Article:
Before he reached the stove, the rail worker saw his wife out the kitchen window. She stood in her blue robe at the end of their driveway with her hand on the mailbox door. He watched her gaze down their road into the morning fog. Like a lavender steam, it rolled towards her, seeping through the empty spaces of everything: branches, parked cars, the gaps between houses, the chasm between her arms and body. It was as though she stood at the bow of a ship sailing somewhere she didn't want to go, but a ship leaving somewhere she didnít want to stay, either. The rail worker's wife remained that way for about fifteen seconds, then clicked the mailbox door into place and walked back to the house.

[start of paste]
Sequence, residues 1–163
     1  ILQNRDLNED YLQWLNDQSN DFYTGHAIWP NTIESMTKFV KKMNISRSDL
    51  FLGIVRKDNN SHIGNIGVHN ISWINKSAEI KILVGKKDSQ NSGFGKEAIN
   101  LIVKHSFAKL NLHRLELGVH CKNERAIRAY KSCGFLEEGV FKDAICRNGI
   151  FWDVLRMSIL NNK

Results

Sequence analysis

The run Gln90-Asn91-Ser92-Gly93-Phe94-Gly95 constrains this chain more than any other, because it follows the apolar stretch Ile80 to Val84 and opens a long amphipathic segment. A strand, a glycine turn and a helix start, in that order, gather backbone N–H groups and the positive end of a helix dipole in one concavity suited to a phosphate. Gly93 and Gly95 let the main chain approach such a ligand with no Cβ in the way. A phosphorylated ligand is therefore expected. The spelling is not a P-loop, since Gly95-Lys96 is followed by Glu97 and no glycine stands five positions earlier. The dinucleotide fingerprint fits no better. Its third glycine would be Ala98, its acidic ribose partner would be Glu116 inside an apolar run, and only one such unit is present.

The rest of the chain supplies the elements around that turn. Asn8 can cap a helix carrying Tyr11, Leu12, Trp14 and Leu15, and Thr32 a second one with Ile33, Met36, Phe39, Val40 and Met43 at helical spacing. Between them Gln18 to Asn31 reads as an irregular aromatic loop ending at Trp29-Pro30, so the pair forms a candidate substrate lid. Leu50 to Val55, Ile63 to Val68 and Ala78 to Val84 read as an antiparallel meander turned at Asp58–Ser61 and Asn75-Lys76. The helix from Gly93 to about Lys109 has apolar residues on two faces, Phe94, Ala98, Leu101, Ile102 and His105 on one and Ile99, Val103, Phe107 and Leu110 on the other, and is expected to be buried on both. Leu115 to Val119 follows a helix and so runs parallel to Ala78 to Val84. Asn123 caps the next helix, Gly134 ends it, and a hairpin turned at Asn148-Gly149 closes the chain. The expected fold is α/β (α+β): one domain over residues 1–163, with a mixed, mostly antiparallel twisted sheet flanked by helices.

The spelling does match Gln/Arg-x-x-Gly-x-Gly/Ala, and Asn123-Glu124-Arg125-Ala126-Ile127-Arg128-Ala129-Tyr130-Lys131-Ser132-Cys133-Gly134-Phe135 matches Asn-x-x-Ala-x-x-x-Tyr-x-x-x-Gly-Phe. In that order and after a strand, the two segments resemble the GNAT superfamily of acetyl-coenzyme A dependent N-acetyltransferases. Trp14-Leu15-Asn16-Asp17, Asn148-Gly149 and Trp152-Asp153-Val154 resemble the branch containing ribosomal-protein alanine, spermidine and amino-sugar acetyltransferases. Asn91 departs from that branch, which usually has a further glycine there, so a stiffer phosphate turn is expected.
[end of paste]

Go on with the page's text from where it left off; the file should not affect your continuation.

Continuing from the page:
[Spring, 1912] A woman looks out her sitting room window. She can't see her husband but can smell him burning too close to the house again. Every so often flaming proof flickers past.


The mounds of land she has never grown used to tumble before her. Her father called them hog-wallows—something to do with the hills pigs snuffle up in muddy pens. But right now they look to the woman like swells of water just before a mass of round-nosed creatures break the surface. In her pocket, she rubs her thumb over an article she's carefully clipped from the newspaper. A ship sunk in the Atlantic. Nearly 2,000 people drowned. The woman at the window is imagining what the Swedish mother's chest must have felt like when she realized she hadnít arms enough for both her children. She can see the two little faces pressed to their mother's body as she reaches for the ropes to the lifeboat below. The oldest girl, just three years old, clings to her mother's skirts. The woman imagines them twirling, fluttering in the black wind far above the black water.